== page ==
Gay News launched in May 1972, and was at first collectively edited by a group of people including Denis Lemon, Doug Pollard and Glenys Parry, all of whom were gay liberation campaigners before, during and after their involvement in the newspaper.
The newspapers tell an important story in the history of LGBT+ rights in the United Kingdom in the 1970s – an area of queer history that is often overlooked, partially because, in the words of Tom Robinson, “the buggers are legal now, what more are they after?”. The era covered is one where male homosexuality had been partially decriminalised, so long as only two men were doing it, and they were alone, and the building in question contained only them (ruling out hotels and having friends staying over!), and they were both over 21 – the age of consent remaining at 16 for straight people. It was an era of police harassment being the norm – LGBT+ people were not protected from straight crime, were often entrapped and arrested for the nebulous offence of “obstruction” for attempting to go into or out of gay-friendly pubs. LGBT+ people outside of the cities had a terrible, lonely time of it; those in Scotland and Northern Ireland didn’t even have the cloak of decriminalization to cover them.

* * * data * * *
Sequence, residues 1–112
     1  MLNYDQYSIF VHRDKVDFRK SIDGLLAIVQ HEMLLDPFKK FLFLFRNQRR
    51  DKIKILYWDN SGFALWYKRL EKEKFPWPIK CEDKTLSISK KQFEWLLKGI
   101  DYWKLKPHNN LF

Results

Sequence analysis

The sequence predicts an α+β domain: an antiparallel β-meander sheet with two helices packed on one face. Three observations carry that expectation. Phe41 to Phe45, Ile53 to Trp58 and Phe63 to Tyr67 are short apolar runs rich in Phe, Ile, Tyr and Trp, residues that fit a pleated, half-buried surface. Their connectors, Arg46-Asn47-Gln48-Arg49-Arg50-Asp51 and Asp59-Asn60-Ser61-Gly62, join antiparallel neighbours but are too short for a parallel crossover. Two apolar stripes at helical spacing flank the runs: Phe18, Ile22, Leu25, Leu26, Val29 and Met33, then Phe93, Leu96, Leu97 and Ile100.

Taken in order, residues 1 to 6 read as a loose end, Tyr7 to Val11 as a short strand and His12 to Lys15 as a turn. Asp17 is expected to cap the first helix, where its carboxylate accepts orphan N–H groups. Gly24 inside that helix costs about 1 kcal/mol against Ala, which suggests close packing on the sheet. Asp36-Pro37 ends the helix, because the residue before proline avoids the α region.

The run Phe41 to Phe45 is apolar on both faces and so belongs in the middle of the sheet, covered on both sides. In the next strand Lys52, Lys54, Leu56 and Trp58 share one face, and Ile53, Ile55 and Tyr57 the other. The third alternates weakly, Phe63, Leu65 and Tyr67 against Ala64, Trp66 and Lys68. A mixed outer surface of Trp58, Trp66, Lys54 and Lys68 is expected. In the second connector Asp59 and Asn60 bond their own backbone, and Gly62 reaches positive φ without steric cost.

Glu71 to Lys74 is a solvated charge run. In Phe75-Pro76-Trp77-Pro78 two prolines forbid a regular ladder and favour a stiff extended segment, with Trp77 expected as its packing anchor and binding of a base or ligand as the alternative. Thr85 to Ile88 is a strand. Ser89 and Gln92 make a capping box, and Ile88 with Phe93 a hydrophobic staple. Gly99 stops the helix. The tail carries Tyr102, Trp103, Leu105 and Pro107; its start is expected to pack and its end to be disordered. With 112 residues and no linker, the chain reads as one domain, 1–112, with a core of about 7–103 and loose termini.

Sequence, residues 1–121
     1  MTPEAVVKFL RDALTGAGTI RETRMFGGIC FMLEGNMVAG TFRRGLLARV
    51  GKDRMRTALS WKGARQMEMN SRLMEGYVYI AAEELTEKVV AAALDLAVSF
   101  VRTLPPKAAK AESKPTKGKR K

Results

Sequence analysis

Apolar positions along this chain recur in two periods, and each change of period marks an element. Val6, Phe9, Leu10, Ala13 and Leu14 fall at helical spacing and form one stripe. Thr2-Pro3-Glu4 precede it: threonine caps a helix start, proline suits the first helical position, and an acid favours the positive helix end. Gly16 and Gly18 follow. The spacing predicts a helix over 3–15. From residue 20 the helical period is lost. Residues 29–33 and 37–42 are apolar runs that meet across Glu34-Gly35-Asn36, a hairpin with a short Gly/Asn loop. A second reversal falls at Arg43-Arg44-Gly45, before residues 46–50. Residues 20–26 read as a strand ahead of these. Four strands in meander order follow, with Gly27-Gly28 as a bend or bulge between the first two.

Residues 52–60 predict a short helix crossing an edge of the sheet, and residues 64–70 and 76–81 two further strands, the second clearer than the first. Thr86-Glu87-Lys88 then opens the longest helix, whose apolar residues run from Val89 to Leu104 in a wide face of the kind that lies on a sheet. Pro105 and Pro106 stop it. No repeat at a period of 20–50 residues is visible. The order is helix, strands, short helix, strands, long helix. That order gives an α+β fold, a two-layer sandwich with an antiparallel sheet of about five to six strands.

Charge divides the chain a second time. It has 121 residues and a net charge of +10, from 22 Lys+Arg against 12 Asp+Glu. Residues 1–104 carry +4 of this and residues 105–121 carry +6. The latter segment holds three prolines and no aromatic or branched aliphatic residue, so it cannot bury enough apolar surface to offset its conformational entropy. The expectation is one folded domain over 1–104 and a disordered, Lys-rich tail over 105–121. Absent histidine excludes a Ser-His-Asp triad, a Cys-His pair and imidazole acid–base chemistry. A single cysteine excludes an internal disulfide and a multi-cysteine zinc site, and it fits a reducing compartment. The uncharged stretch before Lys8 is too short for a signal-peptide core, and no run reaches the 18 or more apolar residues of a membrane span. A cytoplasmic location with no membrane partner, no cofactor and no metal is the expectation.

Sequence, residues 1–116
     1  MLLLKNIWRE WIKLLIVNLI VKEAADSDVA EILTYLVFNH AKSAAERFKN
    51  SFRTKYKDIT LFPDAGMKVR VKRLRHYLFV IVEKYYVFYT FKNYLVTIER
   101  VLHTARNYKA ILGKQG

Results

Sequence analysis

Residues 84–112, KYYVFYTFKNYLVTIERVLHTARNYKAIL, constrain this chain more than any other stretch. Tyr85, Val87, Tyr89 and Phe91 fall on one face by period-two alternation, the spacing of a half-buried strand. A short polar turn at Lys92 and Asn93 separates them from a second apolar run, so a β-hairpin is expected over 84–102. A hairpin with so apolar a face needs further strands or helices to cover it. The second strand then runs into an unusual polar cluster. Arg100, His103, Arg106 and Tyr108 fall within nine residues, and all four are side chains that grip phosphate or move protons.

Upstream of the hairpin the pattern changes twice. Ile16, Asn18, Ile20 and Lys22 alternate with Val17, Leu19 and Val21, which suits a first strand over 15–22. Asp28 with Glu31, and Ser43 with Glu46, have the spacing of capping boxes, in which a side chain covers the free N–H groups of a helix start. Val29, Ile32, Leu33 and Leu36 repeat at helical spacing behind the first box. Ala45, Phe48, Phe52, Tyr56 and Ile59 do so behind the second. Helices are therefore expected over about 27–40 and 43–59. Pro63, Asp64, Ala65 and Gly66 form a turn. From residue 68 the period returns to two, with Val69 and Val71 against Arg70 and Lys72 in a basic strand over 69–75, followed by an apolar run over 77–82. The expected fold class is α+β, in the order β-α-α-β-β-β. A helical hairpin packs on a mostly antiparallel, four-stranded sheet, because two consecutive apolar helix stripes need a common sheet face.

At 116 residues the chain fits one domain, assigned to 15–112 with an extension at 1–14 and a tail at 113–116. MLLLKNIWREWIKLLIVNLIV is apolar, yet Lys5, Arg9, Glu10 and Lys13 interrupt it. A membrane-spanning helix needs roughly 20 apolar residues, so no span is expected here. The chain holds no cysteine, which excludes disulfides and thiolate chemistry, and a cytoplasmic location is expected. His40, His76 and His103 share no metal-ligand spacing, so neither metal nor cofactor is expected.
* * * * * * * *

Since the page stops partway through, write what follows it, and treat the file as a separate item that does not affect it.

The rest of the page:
Yet it was a fun a time. The newspaper revels in the joy of being gay, of having gay friends and of breaking free from the constraints of straight society in a time before the arrival of HIV and AIDS in our community. There are as many laughs to be had in its pages as there are sorrowful stories and angry rants – all of life is in these pages.
The Gay News Archive Project was created in 2016 to digitise and make accessible, for free to everybody, the early issues of the UK’s pioneering Gay News newspaper. The project is led by historian Russ J Graham (he/him) with support from the Transdiffusion Broadcasting System. We are volunteers working in our spare time and the project is not-for-profit. Our initial hosting and technological needs were covered by a grant from Ray Batchelor, made in the name of his late lover Jeffrey Grace, who was a journalist and advertising manager at the newspaper, as well as other anonymous contributions.
This site contains material that may not be appropriate for those aged under 16